Thorntail ray pups released by uShaka Sea World

Nine newborn thorntail rays (Dasyatis thetidis) were found swimming in the Open Ocean Exhibit at uShaka Marine World, after being born on 17 and 28 December 2014.

As staff conducted their regular early-morning exhibit inspections, the first batch of ray pups was spotted swimming around near the floor of the exhibit. The babies, born on 17 December, were left in the exhibit while staff waited for a second pregnant female to give birth. She did so 11 days later, bringing the baby total to nine.


Many South African fish now on the IUCN Red List

How often have you heard the term endangered or vulnerable, when talking about a species of animal or plant? Have you ever wondered how scientists work out which category a particular species belongs to?


Second ragged-tooth birth at uShaka Sea World

When uShaka Sea World aquarist Paul Lotter did his customary early-morning rounds on 4 December, he noticed that Notch, one of our largest female ragged-tooth sharks (Carcharias taurus), was not as plump as she’d been the night before.

Notch became famous two years ago when she gave birth to Storm, the first ragged-tooth pup birth ever captured on camera worldwide.


What do our visitors really want?

  • 02 December 2014 | Saambr | Category: Research

This is a question often asked by managers of many different attractions: aquariums to nature reserves, science centres to museums, tourism-based attractions such as whale-watching charters, and environmental education facilities.


Special needs learners hosted at uShaka Sea World

  • 28 November 2014 | Ann Kunz | Category: Education

Each year uShaka Sea World hosts an average of 1 500 young learners with special needs. Prior to their visit, the learners’ needs are explored and the experience adapted to accommodate their abilities. We had great fun with this year’s learners and are grateful to their teachers for entrusting their charges to our care.


Looking back to see the future – foraminifera hold the answers

Our planet has been through climate changes many times over millennia. We know this because scientists, including those at SAAMBR’s Oceanographic Research Institute (ORI), study fossilised remains of plants and animals.


Working together to save the African penguin

According to the 2010 IUCN Red Data List, the African penguin (Spheniscus demersus) is heading for extinction. African penguin numbers in the wild have declined by up to 90% over the last 100 years. The 2012 census done in South Africa indicates that we lost over 1 500 pairs in a year, while the latest research indicates that there are fewer than 25 000 breeding pairs of penguins left in the wild. It is these facts that led to the species being declared endangered.

Sea World has housed African penguins since 1980, when the first stranded birds were received. Since then the colony has grown from strength to strength and hundreds of penguins have hatched successfully. In October 2013, after extensive work and many meetings, the African Penguin Biodiversity Management Plan (BMP) was published.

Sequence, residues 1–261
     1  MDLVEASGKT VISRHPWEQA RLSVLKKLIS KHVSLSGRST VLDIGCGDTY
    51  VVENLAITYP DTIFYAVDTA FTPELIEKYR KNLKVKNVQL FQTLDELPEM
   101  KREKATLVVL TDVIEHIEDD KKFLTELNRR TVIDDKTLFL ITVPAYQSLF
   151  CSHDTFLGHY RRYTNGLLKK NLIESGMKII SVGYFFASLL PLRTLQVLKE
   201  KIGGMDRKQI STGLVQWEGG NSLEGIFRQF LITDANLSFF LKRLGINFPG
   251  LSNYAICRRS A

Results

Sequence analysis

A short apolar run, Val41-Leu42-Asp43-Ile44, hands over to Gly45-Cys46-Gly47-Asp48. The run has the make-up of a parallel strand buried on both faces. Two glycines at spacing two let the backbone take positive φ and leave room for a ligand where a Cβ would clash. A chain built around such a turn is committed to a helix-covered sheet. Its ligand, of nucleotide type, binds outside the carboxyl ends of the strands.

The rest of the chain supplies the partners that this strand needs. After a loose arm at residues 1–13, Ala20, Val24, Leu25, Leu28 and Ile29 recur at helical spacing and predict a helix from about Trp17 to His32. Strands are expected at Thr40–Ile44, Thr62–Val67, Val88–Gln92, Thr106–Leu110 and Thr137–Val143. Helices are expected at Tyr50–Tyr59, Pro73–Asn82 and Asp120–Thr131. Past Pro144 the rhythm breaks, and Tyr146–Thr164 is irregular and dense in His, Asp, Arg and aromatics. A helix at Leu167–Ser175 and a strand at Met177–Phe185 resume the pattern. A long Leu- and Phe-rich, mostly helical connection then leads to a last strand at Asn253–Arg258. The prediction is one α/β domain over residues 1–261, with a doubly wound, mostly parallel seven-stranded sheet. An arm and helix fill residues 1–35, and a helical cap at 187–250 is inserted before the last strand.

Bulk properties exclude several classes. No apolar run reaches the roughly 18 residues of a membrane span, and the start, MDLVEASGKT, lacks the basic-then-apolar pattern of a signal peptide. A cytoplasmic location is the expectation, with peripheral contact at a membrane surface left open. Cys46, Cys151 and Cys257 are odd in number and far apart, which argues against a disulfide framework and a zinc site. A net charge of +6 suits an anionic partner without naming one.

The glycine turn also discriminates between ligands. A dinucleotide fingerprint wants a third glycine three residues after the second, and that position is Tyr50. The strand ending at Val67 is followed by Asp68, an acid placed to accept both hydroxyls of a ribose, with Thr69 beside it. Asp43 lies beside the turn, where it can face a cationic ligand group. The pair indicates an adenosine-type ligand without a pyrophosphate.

Selso is back again – in PE

After 10 months at sea, Selso the elephant seal has returned to South Africa after an adventurous trip to Antarctica and is currently resting at Bayworld in Port Elizabeth under the watchful eyes of Greg Hofmeyer and the Bayworld team.


Scientists and conservationists hold annual symposium in Howick

From 3 to 7 November, scientists and conservationists from around South Africa, and some of their international counterparts, gathered in Howick for the annual Symposium of Contemporary Conservation Practice, hosted by Ezemvelo KZN Wildlife and other organisations.


Protected African rock python in quarantine at uShaka Sea World

Earlier this week an adult female African rock python was brought to the quarantine centre at uShaka Sea World by KwaZulu-Natal Wildlife staff members who removed her from a man-vs-animal conflict situation.

Many South Africans are fearful of pythons, especially large adult ones, and many of these snakes are killed even though they are not poisonous.

African rock pythons are protected in South Africa as their numbers have decreased due to, among other factors, habitat destruction and the illegal pet trade.


Bony fish

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Meet our dolphins

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Gambit the dolphin – a living legend at 41

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Mazda Wildlife Fund supports ORI Coral Reef Research

The Mazda Wildlife Fund has supported the Oceanographic Research Institute’s…

uShaka Sea World is celebrating African Penguin Awareness Day on Saturday 8th October 2011

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Why care about the oceans?

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Eco House opens in February

The Eco House in the aquarium will show you how…